Saudi consortium completes controversial Newcastle takeover

Owen Humphreys - PA Images / PA Images / Getty

A consortium backed by Saudi Arabia's Public Investment Fund (PIF) finalized a deal Thursday to take over Newcastle United for a reported £300 million, bringing to an end Mike Ashley's unpopular 14 years as owner of the storied Premier League club.

PIF will reportedly have an 80% stake in the club, with PCP Capital Partners and Reuben Brothers sharing the remaining 20%.

Fans celebrated the news at St. James' Park amid an outcry from activist groups over Saudi Arabia's human rights record. Amnesty International accused PIF, the kingdom's sovereign wealth fund, of using Newcastle to "sportswash" its "appalling" history of human rights abuse.

PIF revived its bid to acquire the Magpies after withdrawing from negotiations in July 2020. The Premier League had previously expressed concern that Saudi Arabia's government was directly involved in the bid.

That has now been resolved, according to the Premier League, which said Thursday it has "received legally binding assurances that the Kingdom of Saudi Arabia will not control Newcastle United Football Club."

Fans largely viewed the deal with a renewed sense of hope and relief. Large swaths of Newcastle supporters campaigned for several years for Ashley's ouster, criticizing the retail tycoon for a lack of investment in the first team and using the club to promote his own business interests.

Newcastle suffered relegation from the Premier League in 2009 and 2016 and hasn't won a major domestic trophy since the 1955 FA Cup.

"We are extremely proud to become the new owners of Newcastle United, one of the most famous clubs in English football," PIF governor Yasir Al-Rumayyan added. "We thank the Newcastle fans for their tremendously loyal support over the years and we are excited to work together with them."

The Newcastle United Supporters Trust said a "resounding" 96.7% of its membership supported PIF's takeover.

"We admire your desire and tenacity to buy our football club despite the protracted issues with the Premier League, and we appreciate your clear understanding of the special place Newcastle United holds in our communities, the passion of our supporters, and your commitment to developing Newcastle," read the trust's statement.

Owen Humphreys - PA Images / PA Images / Getty

Former Newcastle striker Alan Shearer tweeted: "Yesssssssss. We can dare to hope again."

Negotiations were far from straightforward. While the consortium first struck an agreement with Ashley in April 2020, the club said the Premier League had rejected the offer despite "overwhelming evidence and legal opinions that PIF is independent and autonomous of the Saudi Arabian government."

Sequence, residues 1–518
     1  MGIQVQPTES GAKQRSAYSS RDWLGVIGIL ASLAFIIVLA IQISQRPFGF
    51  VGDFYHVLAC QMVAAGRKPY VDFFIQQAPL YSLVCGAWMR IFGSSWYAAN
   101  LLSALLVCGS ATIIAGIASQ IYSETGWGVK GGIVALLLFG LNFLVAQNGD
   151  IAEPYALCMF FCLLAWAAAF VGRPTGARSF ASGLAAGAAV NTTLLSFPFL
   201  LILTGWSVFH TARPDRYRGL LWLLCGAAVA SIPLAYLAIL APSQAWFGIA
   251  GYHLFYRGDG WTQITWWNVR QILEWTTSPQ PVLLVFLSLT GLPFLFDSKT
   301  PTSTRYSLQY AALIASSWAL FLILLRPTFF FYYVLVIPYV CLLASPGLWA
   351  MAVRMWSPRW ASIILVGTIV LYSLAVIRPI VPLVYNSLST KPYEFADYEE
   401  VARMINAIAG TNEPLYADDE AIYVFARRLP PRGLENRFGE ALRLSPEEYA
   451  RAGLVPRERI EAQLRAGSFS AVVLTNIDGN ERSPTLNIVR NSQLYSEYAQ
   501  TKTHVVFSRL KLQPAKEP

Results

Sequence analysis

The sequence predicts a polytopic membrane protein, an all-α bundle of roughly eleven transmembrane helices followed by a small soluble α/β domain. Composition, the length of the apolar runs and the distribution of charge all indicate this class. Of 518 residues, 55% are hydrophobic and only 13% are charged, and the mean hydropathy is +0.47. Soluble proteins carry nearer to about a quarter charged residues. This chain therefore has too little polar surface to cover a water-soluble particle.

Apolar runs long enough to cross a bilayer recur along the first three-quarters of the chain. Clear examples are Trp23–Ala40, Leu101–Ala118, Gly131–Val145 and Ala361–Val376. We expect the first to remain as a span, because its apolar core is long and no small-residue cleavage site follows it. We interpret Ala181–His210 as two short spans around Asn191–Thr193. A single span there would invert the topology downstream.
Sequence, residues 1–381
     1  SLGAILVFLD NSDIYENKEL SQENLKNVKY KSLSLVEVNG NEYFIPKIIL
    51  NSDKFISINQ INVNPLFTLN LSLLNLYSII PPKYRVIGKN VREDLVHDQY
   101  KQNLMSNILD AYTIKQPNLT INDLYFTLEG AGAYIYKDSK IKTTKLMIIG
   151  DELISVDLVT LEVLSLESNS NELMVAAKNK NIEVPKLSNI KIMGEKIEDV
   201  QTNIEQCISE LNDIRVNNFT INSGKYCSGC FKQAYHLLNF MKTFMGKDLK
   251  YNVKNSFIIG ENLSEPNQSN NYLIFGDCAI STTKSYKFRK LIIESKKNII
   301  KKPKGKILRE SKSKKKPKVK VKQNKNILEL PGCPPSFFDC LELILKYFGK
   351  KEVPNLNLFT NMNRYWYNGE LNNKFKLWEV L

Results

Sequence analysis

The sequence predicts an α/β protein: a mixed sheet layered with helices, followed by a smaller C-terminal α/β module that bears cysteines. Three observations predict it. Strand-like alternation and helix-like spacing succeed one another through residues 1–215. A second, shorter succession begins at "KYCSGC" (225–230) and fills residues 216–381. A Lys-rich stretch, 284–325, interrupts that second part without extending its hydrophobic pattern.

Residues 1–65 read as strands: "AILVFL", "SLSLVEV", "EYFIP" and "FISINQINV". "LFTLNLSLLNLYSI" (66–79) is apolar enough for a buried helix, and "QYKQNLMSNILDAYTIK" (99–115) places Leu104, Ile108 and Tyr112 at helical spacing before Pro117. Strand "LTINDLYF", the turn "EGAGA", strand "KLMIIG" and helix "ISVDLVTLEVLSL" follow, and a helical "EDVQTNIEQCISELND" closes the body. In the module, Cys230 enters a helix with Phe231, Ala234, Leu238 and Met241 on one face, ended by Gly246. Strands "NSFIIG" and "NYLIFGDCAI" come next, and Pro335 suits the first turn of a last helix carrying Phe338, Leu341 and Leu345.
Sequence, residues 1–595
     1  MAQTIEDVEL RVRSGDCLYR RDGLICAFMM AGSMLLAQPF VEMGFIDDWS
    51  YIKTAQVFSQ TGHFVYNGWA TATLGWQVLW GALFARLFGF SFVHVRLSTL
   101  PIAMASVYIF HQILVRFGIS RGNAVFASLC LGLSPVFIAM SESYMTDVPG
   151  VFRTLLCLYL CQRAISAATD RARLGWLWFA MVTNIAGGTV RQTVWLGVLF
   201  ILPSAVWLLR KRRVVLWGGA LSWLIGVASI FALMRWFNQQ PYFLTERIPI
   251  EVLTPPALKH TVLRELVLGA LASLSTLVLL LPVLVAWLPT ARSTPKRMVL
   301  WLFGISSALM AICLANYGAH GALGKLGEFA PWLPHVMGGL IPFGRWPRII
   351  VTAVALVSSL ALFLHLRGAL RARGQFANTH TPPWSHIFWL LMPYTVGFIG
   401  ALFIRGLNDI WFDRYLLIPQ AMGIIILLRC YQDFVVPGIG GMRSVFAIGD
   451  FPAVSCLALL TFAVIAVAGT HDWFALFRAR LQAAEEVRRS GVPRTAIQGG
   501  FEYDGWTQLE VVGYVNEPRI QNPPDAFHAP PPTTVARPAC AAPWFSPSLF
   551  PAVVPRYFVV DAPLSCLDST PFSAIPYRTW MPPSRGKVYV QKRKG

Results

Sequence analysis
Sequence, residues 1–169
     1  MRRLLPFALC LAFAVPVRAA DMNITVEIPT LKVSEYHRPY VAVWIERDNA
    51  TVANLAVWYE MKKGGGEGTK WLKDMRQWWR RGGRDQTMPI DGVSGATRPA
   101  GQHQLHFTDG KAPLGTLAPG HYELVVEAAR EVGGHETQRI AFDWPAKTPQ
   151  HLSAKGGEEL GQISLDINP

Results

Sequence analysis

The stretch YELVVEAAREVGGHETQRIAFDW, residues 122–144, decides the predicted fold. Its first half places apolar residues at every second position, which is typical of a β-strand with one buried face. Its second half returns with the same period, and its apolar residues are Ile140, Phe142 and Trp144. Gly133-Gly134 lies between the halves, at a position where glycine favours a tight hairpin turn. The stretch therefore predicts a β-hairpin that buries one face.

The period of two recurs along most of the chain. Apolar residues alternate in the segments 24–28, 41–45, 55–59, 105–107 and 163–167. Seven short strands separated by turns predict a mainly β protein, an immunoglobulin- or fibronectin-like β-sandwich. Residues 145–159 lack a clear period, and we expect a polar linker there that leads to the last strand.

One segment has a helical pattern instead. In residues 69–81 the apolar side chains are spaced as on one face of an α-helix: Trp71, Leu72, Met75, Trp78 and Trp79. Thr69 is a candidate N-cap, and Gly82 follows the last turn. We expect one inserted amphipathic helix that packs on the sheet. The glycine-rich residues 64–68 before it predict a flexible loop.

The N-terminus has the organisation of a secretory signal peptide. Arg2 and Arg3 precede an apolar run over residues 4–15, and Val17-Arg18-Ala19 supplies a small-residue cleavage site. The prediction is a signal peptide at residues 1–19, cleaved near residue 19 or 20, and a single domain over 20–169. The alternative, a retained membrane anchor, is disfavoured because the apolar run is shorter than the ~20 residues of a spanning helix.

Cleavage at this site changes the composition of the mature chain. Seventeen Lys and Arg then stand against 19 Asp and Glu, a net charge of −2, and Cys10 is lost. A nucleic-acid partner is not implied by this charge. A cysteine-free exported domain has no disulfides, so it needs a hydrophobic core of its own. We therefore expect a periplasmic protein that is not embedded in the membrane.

The Premier League argued that the group had rejected an invitation to appoint an arbitrator to determine who would own the club.

Crown Prince Mohammed bin Salman, PIF's chairman and Saudi Arabia's de facto ruler, reportedly warned U.K. Prime Minister Boris Johnson that the country's diplomatic relations with Saudi Arabia could suffer if he failed to intervene.

Amnesty condemned Prince Mohammed's involvement in the deal, citing a U.S. report that accused him of ordering the killing of exiled journalist Jamal Khashoggi in 2018. Prince Mohammed has denied any wrongdoing.

The bid also came against the backdrop of geopolitical tension between Saudi Arabia and neighbouring country Qatar.

Qatari-backed beIN Sports, a primary carrier of Premier League matches, filed a case against Saudi Arabia with the World Trade Organization over the piracy of its broadcasts in 2018. beIN, which was banned from operating in Saudi Arabia, sought damages totaling more than $1 billion and later asked the Premier League to block the Saudi-backed takeover.

Saudi Arabia reversed the ban this week, according to The Athletic's Adam Crafton and Matt Slater, and the network that pirated beIN's matches has ceased operations.

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Saudi consortium completes controversial Newcastle takeover
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